Sing a Song of Sixpence. Reply to T.S.D.

Having come from were she shows her designs around nursery rhymes, the number 24 comes up again in a rhyme called Captain Duck. May be incidental, may be not!
A comment on the Straight Dope Staff report on ‘Sing a song of sixpence…’; S.D. say ‘‘This includes the “piracy” origin of “Sing a Song of Sixpence” – it is totally bogus, although quite amusing’’. If I have got his/her expression of context right, the evolution of ‘tales’ and ‘rhymes’ doesn’t devalue the wealth of such rhymes, and infact underlines their historic value. I come from the point of view that many ‘rhymes’ and ‘tales’ cultural/artistic values are as equal a study as the study of their origins: given example, there exist in many ‘rhymes’ and ‘tales’, a dialogue between nature/natural order and imposed cultural order, in this case blackbirds and Kings. That doesn’t make any evolution of ‘rhymes’ in any way ‘‘bogus’’ although I would say ‘‘amusing’’ but in the valuable sence. Oh while I’m valuing things, I loved the rest of the info on the Rhyme ‘Sing a Song of Sixpence’:this stuff Interests me; thank you.

Welcome to The Straight Dope Message Boards, Vincent, glad to have you with us. And it’s a very thought-provoking first post! We hope to see more from you!

When you start a thread, it’s helpful if you provide a link to the column that you’re commenting on… keeps us all on the same page, avoids redundant comments, etc. In this case, it’s the origin of ‘Sing a Song of Sixpence’ No biggie, you’ll know for next time.

I do think there’s a difference between an analysis (noting that fairy tales and nursery rhymes are often about nature/culture, say) and a pseudo-history (claiming a bogus historical origin for a tale or rhyme.) The one is legit analysis, the other is phony history.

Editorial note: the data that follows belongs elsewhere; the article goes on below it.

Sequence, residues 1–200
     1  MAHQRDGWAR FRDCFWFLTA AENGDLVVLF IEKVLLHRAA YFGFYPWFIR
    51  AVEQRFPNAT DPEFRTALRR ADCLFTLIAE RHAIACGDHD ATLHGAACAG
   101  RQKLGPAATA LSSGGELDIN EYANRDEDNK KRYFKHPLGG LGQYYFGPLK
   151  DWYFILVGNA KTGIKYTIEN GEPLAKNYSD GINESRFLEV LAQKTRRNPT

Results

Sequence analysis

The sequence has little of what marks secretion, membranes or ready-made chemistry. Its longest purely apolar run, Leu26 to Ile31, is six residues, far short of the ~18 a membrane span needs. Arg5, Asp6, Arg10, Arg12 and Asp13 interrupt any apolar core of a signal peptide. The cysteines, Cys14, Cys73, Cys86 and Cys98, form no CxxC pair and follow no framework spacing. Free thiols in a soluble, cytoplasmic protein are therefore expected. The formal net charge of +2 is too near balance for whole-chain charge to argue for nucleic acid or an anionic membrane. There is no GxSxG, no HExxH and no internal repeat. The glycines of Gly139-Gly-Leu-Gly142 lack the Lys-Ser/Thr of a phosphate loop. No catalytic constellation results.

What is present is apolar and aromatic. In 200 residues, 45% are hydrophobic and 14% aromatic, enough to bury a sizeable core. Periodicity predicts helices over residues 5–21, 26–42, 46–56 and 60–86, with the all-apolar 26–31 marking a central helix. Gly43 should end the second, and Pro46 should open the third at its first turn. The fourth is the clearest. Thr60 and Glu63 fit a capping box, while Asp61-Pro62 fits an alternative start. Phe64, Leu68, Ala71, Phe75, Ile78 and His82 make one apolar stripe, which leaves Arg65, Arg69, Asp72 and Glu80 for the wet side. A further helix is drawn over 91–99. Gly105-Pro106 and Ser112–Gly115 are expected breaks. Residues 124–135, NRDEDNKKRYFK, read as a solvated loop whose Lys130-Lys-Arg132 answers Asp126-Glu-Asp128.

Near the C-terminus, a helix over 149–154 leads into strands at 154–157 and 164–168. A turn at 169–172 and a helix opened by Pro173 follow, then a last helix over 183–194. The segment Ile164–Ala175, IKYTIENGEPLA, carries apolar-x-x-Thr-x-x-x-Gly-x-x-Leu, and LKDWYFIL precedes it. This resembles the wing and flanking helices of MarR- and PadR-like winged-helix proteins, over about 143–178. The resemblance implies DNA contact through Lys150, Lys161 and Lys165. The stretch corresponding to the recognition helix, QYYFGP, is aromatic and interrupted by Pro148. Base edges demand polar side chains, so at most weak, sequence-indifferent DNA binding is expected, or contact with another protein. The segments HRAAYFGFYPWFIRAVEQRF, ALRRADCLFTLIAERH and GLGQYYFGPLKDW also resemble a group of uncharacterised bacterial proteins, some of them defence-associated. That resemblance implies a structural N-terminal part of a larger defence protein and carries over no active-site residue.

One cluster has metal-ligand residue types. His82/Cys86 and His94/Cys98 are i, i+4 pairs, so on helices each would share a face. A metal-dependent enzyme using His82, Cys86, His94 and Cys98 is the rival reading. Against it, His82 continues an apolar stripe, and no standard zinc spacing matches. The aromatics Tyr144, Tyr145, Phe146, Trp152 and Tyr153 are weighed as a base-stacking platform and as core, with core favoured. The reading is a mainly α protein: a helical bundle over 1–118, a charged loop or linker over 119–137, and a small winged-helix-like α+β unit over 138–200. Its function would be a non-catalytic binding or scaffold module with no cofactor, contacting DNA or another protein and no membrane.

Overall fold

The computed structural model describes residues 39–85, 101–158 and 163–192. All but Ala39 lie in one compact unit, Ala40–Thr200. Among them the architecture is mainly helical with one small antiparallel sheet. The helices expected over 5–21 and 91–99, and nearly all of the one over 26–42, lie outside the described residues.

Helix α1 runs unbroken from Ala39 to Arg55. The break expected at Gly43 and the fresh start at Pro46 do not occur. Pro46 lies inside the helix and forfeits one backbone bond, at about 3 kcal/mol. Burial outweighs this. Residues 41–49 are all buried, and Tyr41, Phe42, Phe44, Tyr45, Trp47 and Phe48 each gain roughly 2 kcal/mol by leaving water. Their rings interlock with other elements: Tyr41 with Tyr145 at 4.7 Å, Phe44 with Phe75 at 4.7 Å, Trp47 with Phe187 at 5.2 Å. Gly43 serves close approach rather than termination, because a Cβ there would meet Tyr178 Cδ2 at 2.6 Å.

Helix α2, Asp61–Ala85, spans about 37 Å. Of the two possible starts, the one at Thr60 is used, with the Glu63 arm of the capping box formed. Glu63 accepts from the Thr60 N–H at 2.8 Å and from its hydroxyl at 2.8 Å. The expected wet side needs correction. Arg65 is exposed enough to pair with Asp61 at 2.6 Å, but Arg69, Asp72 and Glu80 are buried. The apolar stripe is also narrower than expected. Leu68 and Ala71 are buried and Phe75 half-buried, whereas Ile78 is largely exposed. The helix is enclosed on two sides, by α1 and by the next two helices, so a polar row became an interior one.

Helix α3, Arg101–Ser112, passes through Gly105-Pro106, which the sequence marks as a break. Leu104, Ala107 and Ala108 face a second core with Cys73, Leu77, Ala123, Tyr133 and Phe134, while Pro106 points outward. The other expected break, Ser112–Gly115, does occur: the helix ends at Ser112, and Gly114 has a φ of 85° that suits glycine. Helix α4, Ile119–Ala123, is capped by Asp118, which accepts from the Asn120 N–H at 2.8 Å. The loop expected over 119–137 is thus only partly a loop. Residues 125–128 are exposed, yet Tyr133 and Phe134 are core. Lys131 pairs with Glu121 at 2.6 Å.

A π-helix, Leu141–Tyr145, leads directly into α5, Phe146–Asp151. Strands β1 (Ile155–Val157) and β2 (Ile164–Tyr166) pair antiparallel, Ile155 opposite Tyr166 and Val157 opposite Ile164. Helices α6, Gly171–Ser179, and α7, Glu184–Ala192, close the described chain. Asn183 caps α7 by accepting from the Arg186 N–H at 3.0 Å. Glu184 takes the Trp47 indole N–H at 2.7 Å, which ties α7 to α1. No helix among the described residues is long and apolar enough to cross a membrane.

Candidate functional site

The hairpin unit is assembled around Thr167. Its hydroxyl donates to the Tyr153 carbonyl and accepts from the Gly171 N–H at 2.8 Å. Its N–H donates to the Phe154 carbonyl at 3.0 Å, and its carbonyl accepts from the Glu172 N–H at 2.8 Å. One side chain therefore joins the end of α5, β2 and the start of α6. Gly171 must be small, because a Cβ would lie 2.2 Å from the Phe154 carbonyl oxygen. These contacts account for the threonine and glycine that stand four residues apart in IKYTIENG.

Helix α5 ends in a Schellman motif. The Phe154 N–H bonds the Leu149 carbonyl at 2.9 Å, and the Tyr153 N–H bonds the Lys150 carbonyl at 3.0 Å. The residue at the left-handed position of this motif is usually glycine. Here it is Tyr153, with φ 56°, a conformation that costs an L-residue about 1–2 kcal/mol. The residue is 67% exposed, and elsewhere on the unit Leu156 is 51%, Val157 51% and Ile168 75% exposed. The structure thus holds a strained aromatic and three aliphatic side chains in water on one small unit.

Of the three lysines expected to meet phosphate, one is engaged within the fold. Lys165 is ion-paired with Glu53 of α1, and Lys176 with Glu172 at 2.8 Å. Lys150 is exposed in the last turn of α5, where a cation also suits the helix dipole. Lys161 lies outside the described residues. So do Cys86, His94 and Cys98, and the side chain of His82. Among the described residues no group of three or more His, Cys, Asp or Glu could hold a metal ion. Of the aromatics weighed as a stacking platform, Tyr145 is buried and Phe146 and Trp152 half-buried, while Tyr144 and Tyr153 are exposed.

Are you trying to say that you believe the rhyme does have its origins in piracy, Vincent? If so, you are mistaken. This myth came from a joke website on the Urban Legends Reference Pages ( ), dated 1999. I don’t think you can really defend this as “the evolution of ‘tales’ and ‘rhymes’”.

I do wish Snopes would put the word out more widely about their “TRoLL” pages, though.

No. I think somthing got lost in the translation. I took ‘piracy’ to be simply a discriptive term not a literal one: I hadn’t seen the ‘’ site and was going off the info I had found on this site. I’m not sure whether the perjoritive terms were aimed at ‘’ or the idea of value and development of ‘rhymes’.
My position is still that perjoritive terms are not appropiate to ‘rhymes’ simply because they have changed/evolved through use; and that changes indicate a new or adapted use. E.G., ‘fairytales’ have and origin as ‘tavern/pub’ tales with political and adult themes (and may well existed as another form of oral history before that). Because they’re changed/evolved into ‘fairytales’, doesn’t negate study of their pedagogic content: cautionary tales to children about ‘good’ and ‘bad’ behaviour and ‘conquence’; some very disturbing content compared to the censored versions we have at present. Further, because ‘Sing a song of sixpence’ has changed is ‘bad boys’ to ‘black birds’ doesn’t, just the focus of who the rhyme is aimed. Any more on the number 24 in rhymes, I dont want to get stuck in one debate. Thanks

Apoligies for the nonsensical sintax of ‘bad boys’ an ‘blackbirds’, I posted with checking through. I hope you can muddle through the meaning. No biggy eh!